Publications / 2003 Proceedings of the 20th ISARC, Eindhoven, Holland

Monitoring Lifting Equipment for Automated Progress Control: A Feasibility Study

Rafael Sacks, Ronie Navon, Aviad Shapira, Irina Brodetsky
Pages 637-642 (2003 Proceedings of the 20th ISARC, Eindhoven, Holland, ISBN 978-90-6814-574-8, ISSN 2413-5844)

Reliable and timely information describing up-to-date performance is a prerequisite for effective management of construction. Existing methods for on-site data collection are labor-intensive, subjective, and the data are frequently available only after activities have been completed. Monitoring of the main lifting equipment on construction sites can provide real-time, low-cost and objective data for interpretation within an APPC system. This paper reports on a field study conducted monitoring a tower crane employed in construction of a hybrid cast-in-place and precast concrete structure. Data describing the load weight, the hook height and the position of the hook in the building have been collected for multiple occurrences of different activity/building element combinations (including column formwork, slab formwork, pouring concrete beams, pouring concrete slabs, and reinforcing columns). A set of distinguishing characteristics of crane operations has been identified for computer-automated identification of the construction activities performed using the crane. A rigorous comparison of the potential values of each characteristic, for each activity type, has led to the conclusion that the characteristic values alone are insufficient for distinguishing between different activities. However, when the activity location is considered in the context of the building’s geometry and construction schedule, the activity can be identified almost all of the time. The geometry and schedule are provided in the format of an electronic Building Project Model. In this way, a set of interpretation rules capable of interpreting the data monitored in real time can be compiled. Useful information concerning the construction process can be reported, including the overall actual start and finish times of an activity, its duration, and the net time that the crane was employed for it.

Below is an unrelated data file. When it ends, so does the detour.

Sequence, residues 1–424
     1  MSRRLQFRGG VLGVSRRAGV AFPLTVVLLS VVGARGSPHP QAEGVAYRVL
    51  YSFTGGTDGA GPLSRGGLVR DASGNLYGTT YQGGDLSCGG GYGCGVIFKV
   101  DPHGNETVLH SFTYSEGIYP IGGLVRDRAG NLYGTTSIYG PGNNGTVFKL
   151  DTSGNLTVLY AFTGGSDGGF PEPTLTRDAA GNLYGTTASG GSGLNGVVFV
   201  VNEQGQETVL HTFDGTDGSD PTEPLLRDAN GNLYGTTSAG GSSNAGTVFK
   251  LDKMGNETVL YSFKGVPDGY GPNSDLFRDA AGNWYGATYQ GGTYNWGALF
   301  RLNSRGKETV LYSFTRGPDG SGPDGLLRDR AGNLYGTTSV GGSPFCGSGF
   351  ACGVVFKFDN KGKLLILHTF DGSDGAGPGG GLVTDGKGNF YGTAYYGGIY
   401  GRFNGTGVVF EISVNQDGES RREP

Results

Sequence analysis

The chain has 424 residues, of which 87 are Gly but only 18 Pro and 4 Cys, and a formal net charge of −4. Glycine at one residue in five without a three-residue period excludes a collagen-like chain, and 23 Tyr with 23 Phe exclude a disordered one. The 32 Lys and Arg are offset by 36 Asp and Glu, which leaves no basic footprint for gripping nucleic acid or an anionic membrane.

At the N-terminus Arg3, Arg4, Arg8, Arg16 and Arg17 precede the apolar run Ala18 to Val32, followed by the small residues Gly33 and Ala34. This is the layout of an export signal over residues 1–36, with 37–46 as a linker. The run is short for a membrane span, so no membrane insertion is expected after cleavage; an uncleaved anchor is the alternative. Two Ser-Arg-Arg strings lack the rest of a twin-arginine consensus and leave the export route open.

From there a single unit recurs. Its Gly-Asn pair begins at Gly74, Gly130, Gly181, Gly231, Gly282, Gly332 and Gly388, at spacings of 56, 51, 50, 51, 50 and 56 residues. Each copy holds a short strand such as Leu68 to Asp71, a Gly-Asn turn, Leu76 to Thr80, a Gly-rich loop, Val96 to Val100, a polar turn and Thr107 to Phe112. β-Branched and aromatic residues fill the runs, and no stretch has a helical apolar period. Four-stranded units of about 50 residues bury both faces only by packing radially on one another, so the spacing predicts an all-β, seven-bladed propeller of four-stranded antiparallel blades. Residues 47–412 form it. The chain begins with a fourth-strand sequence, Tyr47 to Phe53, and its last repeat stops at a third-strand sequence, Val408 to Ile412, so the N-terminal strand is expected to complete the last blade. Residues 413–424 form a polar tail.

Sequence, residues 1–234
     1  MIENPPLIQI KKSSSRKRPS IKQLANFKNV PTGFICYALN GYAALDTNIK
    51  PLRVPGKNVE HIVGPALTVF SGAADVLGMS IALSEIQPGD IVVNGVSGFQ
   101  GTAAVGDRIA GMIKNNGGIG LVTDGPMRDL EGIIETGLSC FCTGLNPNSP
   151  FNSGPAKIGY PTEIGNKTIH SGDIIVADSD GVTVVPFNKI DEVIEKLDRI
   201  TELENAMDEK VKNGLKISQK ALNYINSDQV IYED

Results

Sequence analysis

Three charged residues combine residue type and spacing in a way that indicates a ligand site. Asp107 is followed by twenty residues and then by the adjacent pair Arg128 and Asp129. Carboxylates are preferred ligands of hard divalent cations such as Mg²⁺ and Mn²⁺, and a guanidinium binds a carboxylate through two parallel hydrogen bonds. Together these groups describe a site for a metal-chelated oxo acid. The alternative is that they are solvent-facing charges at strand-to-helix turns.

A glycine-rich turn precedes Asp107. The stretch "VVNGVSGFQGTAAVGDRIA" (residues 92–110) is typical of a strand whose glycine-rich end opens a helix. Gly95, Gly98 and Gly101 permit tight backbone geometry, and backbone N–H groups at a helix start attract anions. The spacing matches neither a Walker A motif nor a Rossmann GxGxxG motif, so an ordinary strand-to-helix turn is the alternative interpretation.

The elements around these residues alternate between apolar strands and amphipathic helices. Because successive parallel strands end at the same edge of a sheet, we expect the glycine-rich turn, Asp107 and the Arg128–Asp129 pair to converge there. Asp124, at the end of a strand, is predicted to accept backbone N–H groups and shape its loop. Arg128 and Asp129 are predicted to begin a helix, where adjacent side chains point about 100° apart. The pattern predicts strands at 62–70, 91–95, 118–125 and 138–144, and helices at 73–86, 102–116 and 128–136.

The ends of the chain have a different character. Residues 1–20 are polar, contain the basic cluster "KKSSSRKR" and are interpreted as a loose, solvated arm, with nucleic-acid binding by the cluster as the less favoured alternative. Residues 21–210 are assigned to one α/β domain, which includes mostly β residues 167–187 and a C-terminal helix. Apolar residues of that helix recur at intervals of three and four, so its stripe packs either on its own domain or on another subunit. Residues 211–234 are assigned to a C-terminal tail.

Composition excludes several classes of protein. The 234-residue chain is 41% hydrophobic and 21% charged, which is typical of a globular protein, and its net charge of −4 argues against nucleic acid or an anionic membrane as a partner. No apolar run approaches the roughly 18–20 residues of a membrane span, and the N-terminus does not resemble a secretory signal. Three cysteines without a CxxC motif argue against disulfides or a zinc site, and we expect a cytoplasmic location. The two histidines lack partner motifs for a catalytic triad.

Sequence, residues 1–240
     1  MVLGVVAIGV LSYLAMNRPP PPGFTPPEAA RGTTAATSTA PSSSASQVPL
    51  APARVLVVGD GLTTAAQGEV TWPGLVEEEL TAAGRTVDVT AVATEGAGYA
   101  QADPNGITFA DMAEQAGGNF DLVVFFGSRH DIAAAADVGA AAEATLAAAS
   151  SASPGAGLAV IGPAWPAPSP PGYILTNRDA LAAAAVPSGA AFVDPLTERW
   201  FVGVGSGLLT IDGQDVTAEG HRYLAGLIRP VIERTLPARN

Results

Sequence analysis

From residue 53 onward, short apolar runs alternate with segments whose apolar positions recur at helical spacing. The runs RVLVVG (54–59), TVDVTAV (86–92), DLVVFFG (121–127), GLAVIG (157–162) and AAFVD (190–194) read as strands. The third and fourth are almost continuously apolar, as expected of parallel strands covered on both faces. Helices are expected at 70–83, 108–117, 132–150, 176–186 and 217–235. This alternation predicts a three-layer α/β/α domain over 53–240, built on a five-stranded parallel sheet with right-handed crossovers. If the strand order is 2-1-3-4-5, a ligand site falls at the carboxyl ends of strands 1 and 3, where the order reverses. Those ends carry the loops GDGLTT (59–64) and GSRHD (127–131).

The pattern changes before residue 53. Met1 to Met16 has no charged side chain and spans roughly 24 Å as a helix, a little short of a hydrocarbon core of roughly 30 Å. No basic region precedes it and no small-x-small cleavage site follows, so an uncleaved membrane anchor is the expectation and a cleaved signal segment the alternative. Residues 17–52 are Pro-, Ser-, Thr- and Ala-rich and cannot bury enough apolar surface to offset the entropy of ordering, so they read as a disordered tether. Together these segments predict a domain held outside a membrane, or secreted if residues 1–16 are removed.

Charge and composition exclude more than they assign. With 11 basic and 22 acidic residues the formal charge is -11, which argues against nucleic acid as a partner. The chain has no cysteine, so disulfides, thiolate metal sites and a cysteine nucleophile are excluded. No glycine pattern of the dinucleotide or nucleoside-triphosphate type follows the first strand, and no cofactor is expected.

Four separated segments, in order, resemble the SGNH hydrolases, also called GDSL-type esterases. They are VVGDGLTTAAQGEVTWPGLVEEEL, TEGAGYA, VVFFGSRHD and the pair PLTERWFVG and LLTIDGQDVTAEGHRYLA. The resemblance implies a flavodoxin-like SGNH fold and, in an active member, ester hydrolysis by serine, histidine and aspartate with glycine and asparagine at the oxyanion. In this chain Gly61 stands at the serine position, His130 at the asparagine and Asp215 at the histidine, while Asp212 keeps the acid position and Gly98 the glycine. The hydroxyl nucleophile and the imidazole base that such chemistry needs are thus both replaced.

Keywords: Automated data collection; Building project model; Construction cranes; Project control